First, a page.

Spring Cleaning Tips to Keep Personal Data Safe

Planning to spring clean your home or office? One of the biggest parts of spring cleaning is getting rid of clutter you no longer need. In the past, this meant tossing junk like a broken typewriter or planning a garage sale to recoup a few bucks for an old television. But in today's digital age, the adage "when in doubt, toss it out" could actually put you in harm's way. Identity thieves make a career seeking out discarded sensitive documents or digital devices loaded with personal data.


Whether an unwanted digital device or document is headed for the trash, a garage sale, storage, or Goodwill, here are some helpful tips to keep your data safe:

  1. Don't toss documents - Shred or incinerate them.  The saying "one person's trash is another person's treasure" rings especially true for identity thieves. Fraudsters look for any documents containing Social Security numbers, financial account numbers, your driver's license number, and health insurance account information. Savvy criminals will dig through your trash, hunting for data that can be used to steal your identity. Always use a cross-cut, diamond-cut, or confetti-cut shredder. Unlike strip-cut models in which the pieces can potentially be put back together, these shredders will produce much smaller pieces.
  2. Consider a shredding facility. If you have a large amount of shredding and are not able to handle it at home, consider taking it to a shredding facility that guarantees and certifies that your documents are fully destroyed. If you have a large amount of papers to destroy (this can occur, for example, when an elderly family member passes and the family must dispose of decades of documents), there are services that will send a shredding truck to your home. Fees are charged for both types of services.
  3. Keep sensitive documents under lock and key. "Old fashioned" physical security still has a place by discouraging opportunistic thieves. Centralize sensitive paperwork and invest in a locked filing cabinet. Or you can simply take advantage of a locking desk drawer. Another option is to scan such documents and save them securely.
  4. Physically destroy old flash drives. Flash drives are different than hard drives. A 2010 study by the University of California, San Diego found that applying hard drive data sanitization methods to flash drives was unreliable. Open the drive and smash the circuit board and chips. Read Campus Technology's How—and Why—to Destroy Old Flash Drives for detailed instructions.
  5. Wipe old computer hard drives. Often, computer files continue to exist on the hard drive, even after you've deleted them using keyboard and mouse commands. Use specialized software such as Eraser to remove specific files. To delete an entire hard drive’s data, use software like Darik’s Boot and Nuke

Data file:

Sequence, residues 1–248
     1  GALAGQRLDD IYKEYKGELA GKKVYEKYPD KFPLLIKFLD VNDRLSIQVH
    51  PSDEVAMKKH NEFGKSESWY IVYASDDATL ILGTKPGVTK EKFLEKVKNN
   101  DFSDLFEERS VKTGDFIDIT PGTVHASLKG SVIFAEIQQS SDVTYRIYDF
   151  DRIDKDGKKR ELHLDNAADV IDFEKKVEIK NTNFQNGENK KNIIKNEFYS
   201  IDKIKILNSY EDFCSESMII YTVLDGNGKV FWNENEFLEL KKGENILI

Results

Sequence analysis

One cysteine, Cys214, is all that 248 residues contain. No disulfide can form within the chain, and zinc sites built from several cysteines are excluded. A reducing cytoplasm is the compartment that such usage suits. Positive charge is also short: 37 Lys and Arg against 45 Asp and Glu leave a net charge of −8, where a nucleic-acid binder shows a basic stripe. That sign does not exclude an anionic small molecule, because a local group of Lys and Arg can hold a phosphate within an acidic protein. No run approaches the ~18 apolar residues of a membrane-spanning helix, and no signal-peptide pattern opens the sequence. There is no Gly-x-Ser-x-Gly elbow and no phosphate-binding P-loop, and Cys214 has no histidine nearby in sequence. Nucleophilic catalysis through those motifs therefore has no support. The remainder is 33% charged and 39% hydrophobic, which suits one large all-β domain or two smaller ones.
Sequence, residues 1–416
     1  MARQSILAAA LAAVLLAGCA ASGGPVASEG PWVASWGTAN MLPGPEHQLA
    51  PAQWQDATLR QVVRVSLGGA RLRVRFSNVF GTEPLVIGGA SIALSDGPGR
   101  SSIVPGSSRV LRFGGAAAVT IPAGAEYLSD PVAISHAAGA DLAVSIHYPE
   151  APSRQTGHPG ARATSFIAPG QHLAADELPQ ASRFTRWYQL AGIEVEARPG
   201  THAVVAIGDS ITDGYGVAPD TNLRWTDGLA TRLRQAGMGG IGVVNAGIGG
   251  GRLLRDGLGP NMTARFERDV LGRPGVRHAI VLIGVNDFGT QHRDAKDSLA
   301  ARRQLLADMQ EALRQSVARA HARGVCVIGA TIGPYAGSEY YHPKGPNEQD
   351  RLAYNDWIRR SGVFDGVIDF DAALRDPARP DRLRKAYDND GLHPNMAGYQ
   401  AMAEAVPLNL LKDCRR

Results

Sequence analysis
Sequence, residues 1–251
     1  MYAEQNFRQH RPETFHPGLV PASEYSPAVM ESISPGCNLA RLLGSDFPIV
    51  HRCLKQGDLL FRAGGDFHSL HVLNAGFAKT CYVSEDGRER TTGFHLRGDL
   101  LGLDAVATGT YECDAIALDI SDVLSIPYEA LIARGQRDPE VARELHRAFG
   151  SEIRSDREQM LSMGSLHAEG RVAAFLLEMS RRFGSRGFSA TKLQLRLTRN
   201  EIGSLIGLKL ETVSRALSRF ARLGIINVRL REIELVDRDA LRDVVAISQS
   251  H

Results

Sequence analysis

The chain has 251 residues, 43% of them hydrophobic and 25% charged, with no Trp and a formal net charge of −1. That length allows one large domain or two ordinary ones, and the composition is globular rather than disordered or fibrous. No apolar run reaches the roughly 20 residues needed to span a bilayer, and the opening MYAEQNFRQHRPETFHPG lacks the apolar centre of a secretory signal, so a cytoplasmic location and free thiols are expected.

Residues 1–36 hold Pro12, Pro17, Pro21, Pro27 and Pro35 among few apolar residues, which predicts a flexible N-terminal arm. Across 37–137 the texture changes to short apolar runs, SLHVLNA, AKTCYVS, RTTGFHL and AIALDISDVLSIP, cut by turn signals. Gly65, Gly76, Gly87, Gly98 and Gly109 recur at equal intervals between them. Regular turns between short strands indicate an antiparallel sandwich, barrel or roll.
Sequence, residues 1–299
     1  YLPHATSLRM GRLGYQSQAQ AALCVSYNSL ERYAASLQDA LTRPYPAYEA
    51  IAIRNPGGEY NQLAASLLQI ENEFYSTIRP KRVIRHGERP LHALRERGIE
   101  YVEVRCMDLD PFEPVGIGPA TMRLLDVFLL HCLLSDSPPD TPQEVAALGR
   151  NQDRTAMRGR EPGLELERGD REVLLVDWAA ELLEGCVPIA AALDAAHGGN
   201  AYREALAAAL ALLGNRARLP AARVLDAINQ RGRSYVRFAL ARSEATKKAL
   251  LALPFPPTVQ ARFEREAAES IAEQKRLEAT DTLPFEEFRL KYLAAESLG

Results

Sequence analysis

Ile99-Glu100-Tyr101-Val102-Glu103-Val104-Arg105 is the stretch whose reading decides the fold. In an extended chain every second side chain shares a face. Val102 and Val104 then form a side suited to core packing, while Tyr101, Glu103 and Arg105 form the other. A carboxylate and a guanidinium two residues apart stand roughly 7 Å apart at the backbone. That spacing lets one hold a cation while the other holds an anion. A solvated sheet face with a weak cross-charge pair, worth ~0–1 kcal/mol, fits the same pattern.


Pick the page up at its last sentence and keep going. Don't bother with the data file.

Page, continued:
Before recycling or selling your old computer, make sure you've successfully destroyed all personal data. You may be better off physically destroying the hard drive and taking the computer and destroyed drive to an electronics recycling center. For more details, read Popular Mechanics: How to Absolutely, Positively Destroy Your Data.

    Do not toss any digital devices into your trash bin, and don't take them to the municipal waste center.  By taking both intact and destroyed digital devices to an electronics recycling center, you are ensuring proper disposal regarding both your privacy and environmental protection.  
  6. Wipe data from cell phones. Cell phones are like computers in that deleting data using the user menus may not truly delete it from the hardware. Always wipe your phone  by deleting the data using menu settings and then performing a factory reset. Every phone has a different process, so check the phone's manual to restore the phone to its factory settings, or search YouTube for an instructional video. According to PCWorld, no wipe solution is perfect. The only way to totally guarantee old cell phone data is gone for good is to take the phone apart and physically destroy the memory chip.

    If you're wondering what to do with your wiped phone, we recommend donating it to a nonprofit that provides used cell phones to soldiers, domestic violence victims, and others. Unless the phone is truly a relic, there are many who would appreciate the donation.
  7. Erase the hard drive on unwanted digital copiers. Nearly every digital photocopier since 2002 contains a hard drive. The hard drive stores an image of each document processed by the machine. Check your machine's manual for instructions on how to clear the data from the hard drive before getting rid of the copier.
  8. CDs and DVDs should be physically destroyed by breaking them into many pieces. A pair of Wiss Tin Snips (scissors that can cut through tougher materials) will help you easily cut your CDs and DVDs into four or more pieces. Some shredders can do this, too. If you are destroying older media, such as floppy disks and tapes, remove the film and cut it into small pieces.
  9. Know the law when disposing of business documents.  If you work from home or operate a small business out of your home, data destruction should be especially rigorous. There may even be industry standards and federal and state laws that you must comply with regarding proper disposal of business-related documents. As a small business, you certainly don't want the negative publicity that comes with having to notify individuals of a data breach, the law in 46 states.

Spring cleaning should lead to a more organized home and office, not make you the victim of identity theft. We hope these tips will help you keep your personal data safe.